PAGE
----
Not only is Florida Hospital Orlando the best cardiac program in the state—and 32nd best in the country, according to U.S. News & World Report—but our Florida Hospital Cardiovascular Institute is also one of the leading facilities anywhere for women’s heart health, and for good reason. Heart disease is the leading cause of death among women over the age of 65. In this age group, heart disease kills more women than all cancers combined, and women are four to six times more likely to die of heart disease than breast cancer. Making matters worse, while women have about the same risk of heart attack as men do at age 65, they are less likely to survive, perhaps because they don’t receive treatment as soon as men.
At the Florida Hospital Cardiovascular Institute, we’re committed to changing that. We have the highest volume of women’s cardiology cases in the country, which means our experts can tailor a prevention and treatment plan for women in all stages of heart health. In addition, we have female cardiologists who can see patients either in the clinic or the hospital. We also offer women a cardiac risk assessment so they can get a better sense of their risk of developing heart disease in the future.
Reduce Your Risk
Whether they wish to speak to our specialists or not, there are a few simple lifestyle-related steps women can take to reduce their risk of developing heart disease. These include:
- Don’t smoke: More than half of all heart attacks in women under the age of 50 are related to smoking, and women who quit smoking today will reduce their risk of a heart attack by a third in just two years.
- Control your blood pressure: Treating high blood pressure can reduce a woman’s chance of heart attack and stroke. Lose weight, exercise more, eat healthy and cut down on your sodium intake—these are all steps in the right direction. But if they don’t bring down your blood pressure, your doctor may be able to prescribe medications that will.
- Control your cholesterol level: Diet is the key, though medications may be necessary for some patients as well.
- Be healthy: Extra weight puts extra strain on your heart and arteries, so if you need to, lose a few pounds. Regular exercise will also improve heart health (remember, the heart is a muscle), as will eating a low-fat diet (keep fat calories to 30 percent of your total calorie intake, and avoid saturated fat).
- Take care of diabetes: Patients with diabetes need to regularly exercise, watch their weight and what they eat, and strictly follow their doctor’s orders regarding medications.
- Watch out for chest pain: While chest pain isn’t always caused by heart disease, better safe than sorry—if you’re having chest pain, call your doctor. Also, call your doctor if you experience shortness of breath or nausea that comes on quickly.
- Know your family history: If you have a close family member with heart disease, especially heart disease that developed before age 55 (in men) or 65 (in women), tell your doctor.
It’s worth noting that although once estrogen replacement therapy (ERT) was thought to protect postmenopausal women from heart disease, new research shows that it actually does more harm than good. If you are taking ERT, talk to your doctor about the possible implications for your heart health.
There are several simple steps you can take to make sure you’re leading a heart-healthy lifestyle. Much of it seems like common sense—eat healthy foods and exercise—but in our hectic, fast-paced world, many of us struggle nonetheless. At the same time, we have to remember that heart disease is the No. 1 cause of death for women over 65, and the choices women take today will impact their health for years to come.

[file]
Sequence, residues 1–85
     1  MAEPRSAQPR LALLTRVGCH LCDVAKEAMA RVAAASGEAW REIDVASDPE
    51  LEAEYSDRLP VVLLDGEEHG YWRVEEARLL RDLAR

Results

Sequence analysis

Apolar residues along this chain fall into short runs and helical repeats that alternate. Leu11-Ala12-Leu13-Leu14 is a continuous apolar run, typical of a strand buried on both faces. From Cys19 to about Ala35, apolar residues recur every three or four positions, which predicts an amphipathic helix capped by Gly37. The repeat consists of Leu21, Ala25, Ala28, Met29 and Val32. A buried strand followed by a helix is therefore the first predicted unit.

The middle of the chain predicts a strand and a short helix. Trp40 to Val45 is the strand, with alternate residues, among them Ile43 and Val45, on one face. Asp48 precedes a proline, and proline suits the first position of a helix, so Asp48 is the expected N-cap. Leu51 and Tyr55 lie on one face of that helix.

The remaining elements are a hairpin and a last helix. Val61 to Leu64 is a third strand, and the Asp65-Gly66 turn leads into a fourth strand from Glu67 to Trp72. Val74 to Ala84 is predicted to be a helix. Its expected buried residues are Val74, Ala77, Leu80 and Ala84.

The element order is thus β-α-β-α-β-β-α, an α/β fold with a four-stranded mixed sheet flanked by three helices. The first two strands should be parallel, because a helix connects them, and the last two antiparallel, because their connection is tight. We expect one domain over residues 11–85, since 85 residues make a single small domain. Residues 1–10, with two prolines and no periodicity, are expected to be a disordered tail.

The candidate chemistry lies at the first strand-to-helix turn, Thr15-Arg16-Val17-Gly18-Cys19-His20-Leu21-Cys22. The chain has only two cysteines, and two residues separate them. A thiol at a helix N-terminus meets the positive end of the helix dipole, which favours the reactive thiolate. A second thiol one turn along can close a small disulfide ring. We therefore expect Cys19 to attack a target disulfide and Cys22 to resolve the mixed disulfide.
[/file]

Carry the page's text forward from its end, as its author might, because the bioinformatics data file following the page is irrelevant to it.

Below, we offer some easy recommendations for leading a healthier life. Try them out: your heart will thank you.
- Prepare ready-to-eat meals: When you come home from grocery shopping, cut up fruits and veggies and store them in containers. These make for quick and easy snacks.
- Trim the fat: If you see fat on the meat or poultry you’re about to cook, cut it off. Drain off all the fat after browning. Chill stews and soups after they’re cooked so you can remove any hardened fat from the top. In addition, limit your meat intake: Eat no more than six ounces of lean meat, fish or skinless poultry per day.
- Watch your diet: A heart-healthy diet can not only reduce your risk of developing heart disease, but can also increase your chances of survival after a heart attack. Make sure you eat plenty of fruits and vegetables, as well as fish, beans and whole grains. Avoid foods high in sugar and saturated fats, such as biscuits, cakes and pastries.
- Be physically active: Every day, try to get 30 minutes of moderate-intensity exercise. And be creative. You can exercise while watching TV, or work out when your child is at soccer practice. Walk the dog—it will wear him out and help your heart.
- Know your numbers: Your blood pressure, cholesterol and blood glucose levels will help you ensure heart health.
- Floss regularly: It may seem strange, but periodontal disease can lead to inflammation in the arteries, which can result in heart disease. See your dentist regularly, and keep your pearly-whites strong and healthy.
- Never shop on an empty stomach: Shop hungry, and you risk buying a bunch of junk. Instead, make a list and stick to it. Read labels and avoid foods that have “sugar” or “high-fructose corn syrup” in the first few ingredients. Shop with your head, not your stomach.
- Keep a journal: Chronicling your food intake will help you keep track of what and how much you’re eating.
- Don’t skip meals: Eat several small meals throughout the day. This helps you avoid hunger and decreases the number of calories you take in. Also, avoid fad diets. Aim to lead a healthy overall lifestyle instead.
- Drink water: You should drink six to eight glasses a day. Avoid sugary drinks such as soda. These calories (and pounds) will sneak up on you.